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   Series Introduction: The Parables of Jesus
   
Sunday School,  November 6, 2016
The parable is a literary form used often by Jesus Christ 1) To make ideas clear and intelligible, 2) to make lasting impressions, 3) to veil truth through the use of pictures that might otherwise cause offense, to elicit a judgment in one sphere in order to transfer it to another and 4) to fulfill prophecy (Matthew 13:34, 35; Psalm 78:2). There were those whose hearts and minds were closed to anything Christ would have spoken and to these, Jesus used parables to speak directly, as He did with the Scribes and Pharisees. Some of the parables contained mysteries so that His genuine followers would understand while others could not. It was not unusual for Jesus to reveal the motives of His hearers by using parables. Therefore, through parables Christ both concealed truth and revealed truth.

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   The Believer's Life of Faith
   Hebrews 11:1-3, 11-16; Romans 4
Sunday Morning Service,  October 9, 2016
 
Most people today do not know the joy and peace that comes from living by faith. Outside of the church, there is much strange thinking about the subject of faith. It is treated as a noun instead of a verb. Faith is an action word and it is always linked with obedience. We are living in an age when it is assumed that faith means nothing in the realities of contemporary life. It is a greater tragedy when the believer in passivity fails to trust God to the point of personal and active involvement in the life of faith. Romans 14:23 reminds us that whatsoever is not of faith is sin. Our lifestyle must arise out of a genuine trust in God or it will be categorized as sinful.

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   The Book of Habakkuk
   Habakkuk
Sunday School,  October 9, 2016
 
Habakkuk was a prophet who ministered toward the end of the seventh century BC, about the same time that Babylon was gearing up to be the dominant power in the Near East. The key text is quoted three times in the New Testament - "The just shall live by faith" (2:4). Habakkuk complained to God about the lurking danger of the Babylonians only to recognize that God was fully in control and that he needed to trust Him. It is God's will that the believer live by faith recognizing that God's way is perfect regardless of how terrible things seem to be. What seemed apparent to Habakkuk was based on the "now" instead of the eternal. A life of faith always keeps eternity in view.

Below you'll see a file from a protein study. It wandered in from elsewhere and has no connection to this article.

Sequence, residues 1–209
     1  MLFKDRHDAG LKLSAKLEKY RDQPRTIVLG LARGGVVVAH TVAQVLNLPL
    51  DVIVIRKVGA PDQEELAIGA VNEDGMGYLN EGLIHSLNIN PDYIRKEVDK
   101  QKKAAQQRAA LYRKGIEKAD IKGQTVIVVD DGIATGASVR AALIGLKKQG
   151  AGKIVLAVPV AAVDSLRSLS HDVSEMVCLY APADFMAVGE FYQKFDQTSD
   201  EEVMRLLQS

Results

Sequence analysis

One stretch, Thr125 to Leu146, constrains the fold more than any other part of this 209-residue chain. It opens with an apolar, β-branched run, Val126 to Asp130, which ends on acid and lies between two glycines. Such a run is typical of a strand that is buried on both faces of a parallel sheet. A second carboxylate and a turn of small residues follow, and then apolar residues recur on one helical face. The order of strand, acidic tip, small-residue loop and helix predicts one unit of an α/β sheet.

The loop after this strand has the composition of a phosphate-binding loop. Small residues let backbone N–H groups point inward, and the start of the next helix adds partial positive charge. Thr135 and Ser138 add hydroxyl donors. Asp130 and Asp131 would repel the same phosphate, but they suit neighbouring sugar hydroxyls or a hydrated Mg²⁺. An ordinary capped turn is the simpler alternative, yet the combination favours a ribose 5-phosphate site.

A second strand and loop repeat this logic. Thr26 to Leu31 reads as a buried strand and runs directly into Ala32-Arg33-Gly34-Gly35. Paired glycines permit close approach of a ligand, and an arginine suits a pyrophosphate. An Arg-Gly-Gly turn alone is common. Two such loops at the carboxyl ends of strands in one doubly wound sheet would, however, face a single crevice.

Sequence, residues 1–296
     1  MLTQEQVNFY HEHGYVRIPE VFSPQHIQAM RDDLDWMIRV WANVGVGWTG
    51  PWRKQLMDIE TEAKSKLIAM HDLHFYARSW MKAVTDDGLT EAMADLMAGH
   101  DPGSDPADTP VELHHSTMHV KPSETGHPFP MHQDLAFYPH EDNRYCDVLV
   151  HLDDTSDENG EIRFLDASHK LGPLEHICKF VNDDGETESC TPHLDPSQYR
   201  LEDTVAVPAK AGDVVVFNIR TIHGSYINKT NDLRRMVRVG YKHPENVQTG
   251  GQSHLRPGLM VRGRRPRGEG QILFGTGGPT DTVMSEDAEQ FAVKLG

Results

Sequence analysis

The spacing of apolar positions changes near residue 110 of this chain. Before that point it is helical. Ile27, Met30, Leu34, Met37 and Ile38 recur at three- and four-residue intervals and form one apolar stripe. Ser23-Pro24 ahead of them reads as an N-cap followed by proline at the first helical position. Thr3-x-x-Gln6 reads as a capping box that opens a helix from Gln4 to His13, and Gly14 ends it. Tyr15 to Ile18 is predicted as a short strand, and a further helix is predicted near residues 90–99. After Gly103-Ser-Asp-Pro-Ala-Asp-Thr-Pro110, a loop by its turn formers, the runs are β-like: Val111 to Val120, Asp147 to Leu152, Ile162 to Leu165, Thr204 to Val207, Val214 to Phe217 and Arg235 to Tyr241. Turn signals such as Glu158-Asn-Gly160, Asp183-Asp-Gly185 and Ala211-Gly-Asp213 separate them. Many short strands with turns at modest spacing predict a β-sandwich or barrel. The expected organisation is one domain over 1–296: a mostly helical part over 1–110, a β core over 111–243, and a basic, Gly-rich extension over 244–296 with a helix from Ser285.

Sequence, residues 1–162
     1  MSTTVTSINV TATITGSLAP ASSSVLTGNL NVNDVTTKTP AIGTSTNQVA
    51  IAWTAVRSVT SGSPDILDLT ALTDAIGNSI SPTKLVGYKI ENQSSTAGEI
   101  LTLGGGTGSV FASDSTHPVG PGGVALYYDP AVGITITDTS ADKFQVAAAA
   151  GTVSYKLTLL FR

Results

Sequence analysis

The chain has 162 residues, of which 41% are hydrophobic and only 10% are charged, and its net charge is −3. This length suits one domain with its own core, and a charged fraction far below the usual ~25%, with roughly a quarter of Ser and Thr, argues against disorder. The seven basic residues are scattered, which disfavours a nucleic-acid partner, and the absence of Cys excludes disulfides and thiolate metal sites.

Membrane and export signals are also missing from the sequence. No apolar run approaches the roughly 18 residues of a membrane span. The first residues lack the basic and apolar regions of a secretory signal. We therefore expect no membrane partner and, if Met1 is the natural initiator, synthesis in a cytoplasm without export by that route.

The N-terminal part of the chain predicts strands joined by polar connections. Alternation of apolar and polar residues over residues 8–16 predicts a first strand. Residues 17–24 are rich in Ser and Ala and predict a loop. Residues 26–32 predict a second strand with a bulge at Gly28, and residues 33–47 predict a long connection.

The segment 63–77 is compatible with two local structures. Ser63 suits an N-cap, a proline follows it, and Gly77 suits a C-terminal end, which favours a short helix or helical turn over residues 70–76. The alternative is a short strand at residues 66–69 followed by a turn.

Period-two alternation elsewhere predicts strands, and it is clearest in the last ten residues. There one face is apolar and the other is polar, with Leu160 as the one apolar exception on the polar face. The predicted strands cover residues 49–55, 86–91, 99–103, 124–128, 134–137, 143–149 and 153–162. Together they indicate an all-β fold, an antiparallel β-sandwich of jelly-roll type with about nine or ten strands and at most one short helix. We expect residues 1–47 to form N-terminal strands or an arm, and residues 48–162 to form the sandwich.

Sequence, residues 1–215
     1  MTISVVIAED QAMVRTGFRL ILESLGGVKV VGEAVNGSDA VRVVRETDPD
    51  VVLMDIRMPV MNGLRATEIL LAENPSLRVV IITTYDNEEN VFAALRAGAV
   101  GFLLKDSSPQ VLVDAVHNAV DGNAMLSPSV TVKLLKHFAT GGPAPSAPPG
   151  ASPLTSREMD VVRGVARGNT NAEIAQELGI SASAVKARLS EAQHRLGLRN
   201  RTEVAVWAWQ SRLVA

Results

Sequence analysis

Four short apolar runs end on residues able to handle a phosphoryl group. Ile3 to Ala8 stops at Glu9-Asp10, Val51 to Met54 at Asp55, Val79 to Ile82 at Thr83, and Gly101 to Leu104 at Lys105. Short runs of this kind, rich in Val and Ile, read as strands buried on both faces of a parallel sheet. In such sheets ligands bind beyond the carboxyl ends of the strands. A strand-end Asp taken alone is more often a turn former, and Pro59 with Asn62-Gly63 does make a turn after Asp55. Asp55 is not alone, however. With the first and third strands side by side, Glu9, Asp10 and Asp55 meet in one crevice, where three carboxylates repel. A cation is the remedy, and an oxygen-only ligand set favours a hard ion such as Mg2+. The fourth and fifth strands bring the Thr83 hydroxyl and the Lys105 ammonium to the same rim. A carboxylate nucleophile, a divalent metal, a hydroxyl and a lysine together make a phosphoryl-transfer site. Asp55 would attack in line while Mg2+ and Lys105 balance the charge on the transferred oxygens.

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   The Spirit Filled Life
   Ephesians 5:17-18
Sunday Morning Service,  September 18, 2016
 
The command to be filled with the Spirit is one of the most misunderstood experience given to us in the Word of God. As a result, there are believers trying to achieve spiritual goals that do not exist. Failure to understand God's Word in this matter accounts for many disasters in the Christian life. This morning, we will consider three questions relating to this command - What does it mean? Can it be demonstrated? How can I experience it?

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   James Wrap Up
   James 1:26-27; 2:20-25
Sunday School,  September 18, 2016
This is the last session in the Epistle of James, a very practical study for living the Christian life. FAITH and SUFFERING are two themes that stand out in the text. A lot of people will claim to have faith but not a faith that works. James wrote, "If faith hath not works, it is dead." When Jesus preached the Gospel, it resulted in disciples, not couch potatoes. Genuine faith will be manifested in service. The suffering was the result of persecution which caused many believers to scatter to other countries. Being a child of God is not a guarantee of freedom from suffering. Those that endured were counted as happy in as much as their suffering caused them both to identify with Christ and to advance in their likeness to Christ (James 2:11).

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   Nebuchadnezzar's Empire Vision – Part 2
   Daniel 2:28-49
Sunday Morning Service,  July 10, 2016
 
God used a dream to communicate to Nebuchadnezzar the future kingdoms of the world. He was a powerful king with the ability to conquer empires, but he could not understand the message of God. God intervened through Daniel revealing how God establishes both rulers and their kingdoms. As a result, the lives of the king's wise men were spared and we have this incredible prophecy revealing the validity of God's Word.

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   Nebuchadnezzar's Empire Vision – Part 1
   Daniel 2:28-49
Sunday Morning Service,  July 3, 2016
 
God used a dream to communicate to Nebuchadnezzar the future kingdoms of the world. He was a powerful king with the ability to conquer empires, but he could not understand the message of God. God intervened through Daniel revealing how God establishes both rulers and their kingdoms. As a result, the lives of the king's wise men were spared and we have this incredible prophecy revealing the validity of God's Word.

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   The Filling of the Spirit of God
   John 7:37-39, Ephesians 5:18
Sunday Morning Service,  June 26, 2016
 
The filling of the Spirit is a topic talked about a lot, but seems to be experienced very little. Vance Havner in his book, Pepper and Salt, stated, "We spend much of our time in church these days trying to work up what is not there." Being filled with the Spirit is not something that can be worked up and yet this is so important to the spiritual maturity of the believer and his effectiveness as a servant of God.